Weekend Reads #243

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Weekend Reads #243 | Mainie Jellett, Abstract Composition, 1929
Mainie Jellett, Abstract Composition, 1929

Weekend Reads #243

Tennessee moves to shield gun firms after school shooting. (AP)

Are you ready to forgive? A new study shows letting go is good for health. (Washington Post – gift article)

One in four brides wear David’s Bridal to their wedding. Now, it’s filing for bankruptcy. (CNN Business)

My transplanted heart and I will die soon. (New York Times – gift article)

How to hack insurance so you can get the menopause hormones you need. (Oprah Daily)

BuzzFeed News, a digital media pioneer, to shut down. (Washington Post – gift article)

‘Nobody Can Take Your Power’: Megan Thee Stallion in her own words. (Elle)

Self-love is making us lonely. (Time)

I shared on Instagram Stories I bought this peppermint spray and spray a perimeter around me when working outside and it keeps most of the bugs away without harming them. An individual who researches mosquito-borne illnesses suggested also getting a fan to keep them away. It reminded me I have one like this for camping that I'm adding to my WFH outside routine!

Inside the Black and Queer-led movement of regenerative winemaking. (them)

Lots of Americans are losing their religion. Are you? (New York Times – gift article)

LA auctioneer admits to helping create fake Basquiats. (Hyperallergic)

I love Marimekko prints and bought this beach towel for $24.99. It's so big and soft and plush, I can't wait for the pool to open!

Inside the secret list of websites that make AI like ChatGPT sound smart. (Washington Post – gift article)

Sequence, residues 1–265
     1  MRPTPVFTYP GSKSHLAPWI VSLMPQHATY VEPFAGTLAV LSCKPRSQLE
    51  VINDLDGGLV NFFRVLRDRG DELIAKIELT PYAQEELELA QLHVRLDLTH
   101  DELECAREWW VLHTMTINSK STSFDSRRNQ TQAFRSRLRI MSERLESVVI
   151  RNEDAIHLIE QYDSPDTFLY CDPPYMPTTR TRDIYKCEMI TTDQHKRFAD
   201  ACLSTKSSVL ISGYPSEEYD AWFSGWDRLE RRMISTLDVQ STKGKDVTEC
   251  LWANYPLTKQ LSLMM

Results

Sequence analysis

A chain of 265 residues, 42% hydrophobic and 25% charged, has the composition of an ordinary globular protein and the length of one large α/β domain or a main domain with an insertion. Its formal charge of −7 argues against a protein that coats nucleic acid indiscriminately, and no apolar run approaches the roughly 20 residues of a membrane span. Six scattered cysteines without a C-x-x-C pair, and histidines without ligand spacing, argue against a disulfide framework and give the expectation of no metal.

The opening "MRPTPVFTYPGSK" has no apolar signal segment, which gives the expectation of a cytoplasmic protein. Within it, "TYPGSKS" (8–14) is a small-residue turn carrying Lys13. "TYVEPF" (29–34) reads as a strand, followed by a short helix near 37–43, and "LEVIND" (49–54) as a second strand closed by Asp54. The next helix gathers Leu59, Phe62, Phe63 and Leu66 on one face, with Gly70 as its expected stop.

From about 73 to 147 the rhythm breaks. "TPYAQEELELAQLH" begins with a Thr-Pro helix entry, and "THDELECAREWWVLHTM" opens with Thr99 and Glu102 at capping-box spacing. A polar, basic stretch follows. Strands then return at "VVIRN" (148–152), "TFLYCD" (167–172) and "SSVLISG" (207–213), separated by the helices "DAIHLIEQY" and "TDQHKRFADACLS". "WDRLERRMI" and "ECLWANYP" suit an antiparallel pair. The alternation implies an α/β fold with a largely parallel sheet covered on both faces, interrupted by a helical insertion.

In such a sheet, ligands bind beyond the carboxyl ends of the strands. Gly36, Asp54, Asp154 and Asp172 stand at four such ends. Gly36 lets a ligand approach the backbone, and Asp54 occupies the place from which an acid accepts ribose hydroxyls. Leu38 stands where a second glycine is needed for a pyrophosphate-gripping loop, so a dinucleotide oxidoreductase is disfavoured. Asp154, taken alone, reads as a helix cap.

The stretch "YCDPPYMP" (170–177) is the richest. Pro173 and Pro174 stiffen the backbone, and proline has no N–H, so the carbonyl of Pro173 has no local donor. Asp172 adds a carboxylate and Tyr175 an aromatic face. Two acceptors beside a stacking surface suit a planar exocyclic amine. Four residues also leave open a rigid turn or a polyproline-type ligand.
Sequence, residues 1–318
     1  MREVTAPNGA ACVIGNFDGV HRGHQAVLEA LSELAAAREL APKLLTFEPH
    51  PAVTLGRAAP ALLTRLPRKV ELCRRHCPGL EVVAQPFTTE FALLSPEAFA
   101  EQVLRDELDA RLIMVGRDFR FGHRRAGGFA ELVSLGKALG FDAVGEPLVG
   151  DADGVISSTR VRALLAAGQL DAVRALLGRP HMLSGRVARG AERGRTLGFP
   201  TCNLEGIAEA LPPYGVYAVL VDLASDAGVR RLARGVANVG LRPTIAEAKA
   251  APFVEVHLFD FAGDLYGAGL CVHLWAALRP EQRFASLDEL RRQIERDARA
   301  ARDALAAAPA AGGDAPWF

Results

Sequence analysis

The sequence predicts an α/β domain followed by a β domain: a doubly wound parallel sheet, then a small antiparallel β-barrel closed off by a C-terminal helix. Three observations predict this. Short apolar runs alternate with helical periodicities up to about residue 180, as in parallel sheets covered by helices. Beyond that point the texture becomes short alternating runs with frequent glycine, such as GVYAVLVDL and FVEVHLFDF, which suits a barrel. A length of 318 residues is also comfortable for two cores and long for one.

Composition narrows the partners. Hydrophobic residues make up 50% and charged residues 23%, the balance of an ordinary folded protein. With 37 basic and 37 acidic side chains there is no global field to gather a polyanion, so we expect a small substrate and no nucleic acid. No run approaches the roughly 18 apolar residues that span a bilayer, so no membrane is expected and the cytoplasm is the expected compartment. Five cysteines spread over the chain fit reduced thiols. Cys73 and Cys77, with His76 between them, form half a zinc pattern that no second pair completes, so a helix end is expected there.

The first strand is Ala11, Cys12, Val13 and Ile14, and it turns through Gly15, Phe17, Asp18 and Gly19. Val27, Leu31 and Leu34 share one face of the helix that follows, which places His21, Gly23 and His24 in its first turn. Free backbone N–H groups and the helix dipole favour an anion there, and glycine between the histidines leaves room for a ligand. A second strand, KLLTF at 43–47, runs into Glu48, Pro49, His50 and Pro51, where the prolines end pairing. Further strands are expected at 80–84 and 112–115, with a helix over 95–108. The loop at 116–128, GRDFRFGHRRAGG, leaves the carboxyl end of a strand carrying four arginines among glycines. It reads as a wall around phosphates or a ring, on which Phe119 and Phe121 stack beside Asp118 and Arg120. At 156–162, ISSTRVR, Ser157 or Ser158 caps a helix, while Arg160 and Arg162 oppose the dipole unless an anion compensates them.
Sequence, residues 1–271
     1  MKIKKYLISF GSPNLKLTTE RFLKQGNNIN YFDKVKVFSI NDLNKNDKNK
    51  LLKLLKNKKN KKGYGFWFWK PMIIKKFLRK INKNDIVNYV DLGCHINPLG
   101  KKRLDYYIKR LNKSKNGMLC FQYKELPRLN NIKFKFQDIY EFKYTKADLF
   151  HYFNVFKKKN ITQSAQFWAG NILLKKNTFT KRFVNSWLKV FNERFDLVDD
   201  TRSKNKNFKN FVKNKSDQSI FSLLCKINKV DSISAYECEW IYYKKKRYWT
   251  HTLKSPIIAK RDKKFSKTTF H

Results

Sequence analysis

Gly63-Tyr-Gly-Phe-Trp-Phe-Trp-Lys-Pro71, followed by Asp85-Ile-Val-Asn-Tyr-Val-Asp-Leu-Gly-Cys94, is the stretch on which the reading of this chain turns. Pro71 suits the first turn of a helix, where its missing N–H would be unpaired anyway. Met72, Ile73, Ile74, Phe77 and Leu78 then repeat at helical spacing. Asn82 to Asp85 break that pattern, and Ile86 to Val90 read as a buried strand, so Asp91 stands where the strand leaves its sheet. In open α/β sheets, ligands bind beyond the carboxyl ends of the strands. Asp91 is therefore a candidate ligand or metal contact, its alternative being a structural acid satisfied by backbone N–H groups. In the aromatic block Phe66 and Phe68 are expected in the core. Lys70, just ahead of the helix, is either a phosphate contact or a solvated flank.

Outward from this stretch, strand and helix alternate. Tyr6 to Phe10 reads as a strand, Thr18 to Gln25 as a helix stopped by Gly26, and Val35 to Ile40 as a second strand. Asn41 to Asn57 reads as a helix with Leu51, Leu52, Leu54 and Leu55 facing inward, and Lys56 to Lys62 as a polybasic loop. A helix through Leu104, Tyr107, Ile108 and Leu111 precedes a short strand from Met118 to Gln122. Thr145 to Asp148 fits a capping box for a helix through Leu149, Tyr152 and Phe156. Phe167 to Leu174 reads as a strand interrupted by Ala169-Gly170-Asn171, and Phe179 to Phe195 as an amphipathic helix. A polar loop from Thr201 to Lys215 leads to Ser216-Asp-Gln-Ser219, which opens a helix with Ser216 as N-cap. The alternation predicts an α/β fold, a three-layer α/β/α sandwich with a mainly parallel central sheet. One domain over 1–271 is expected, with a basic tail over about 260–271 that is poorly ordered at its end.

As someone who was horrified to find multiple folks scrolling Instagram with audio on during two different Broadway shows, I appreciated this article: Get off your damn phone. (Jill Filipovic)


During Lockdown, I began using Libby to borrow virtual items from the library. I was unable to find my library card so I applied online for a new one. I received an email a few weeks ago stating those of us who got virtual cards during the pandemic would have to pop in this month for a proper card. I've been meaning to do that, but have put it off. When literally halfway through my current book I was cut off from Libby, I realized I've put it off too long.

Maybe You Should Talk to Someone book

While I haven't finished the book, what I have read is fantastic. Maybe You Should Talk to Someone: A Therapist, HER Therapist, and Our Lives Revealed by Lori Gottlieb. Gottlieb is a therapist who gets herself a therapist after a personal crisis. The book bounces between Gottlieb's therapy sessions, her past, and sessions with a few of her patients. It's entertaining, thought-provoking, engaging, and a great read for those who are in therapy, have considered therapy, or think therapy is a load of junk.

I write this on a day when I planned to go to the library and get my new card but life got in the way. I miss this book, like I miss a good show that is only on once a week. I have scheduled time tomorrow, it WILL happen, I WILL go, it WILL still be available to borrow, and I WILL finish this book this weekend!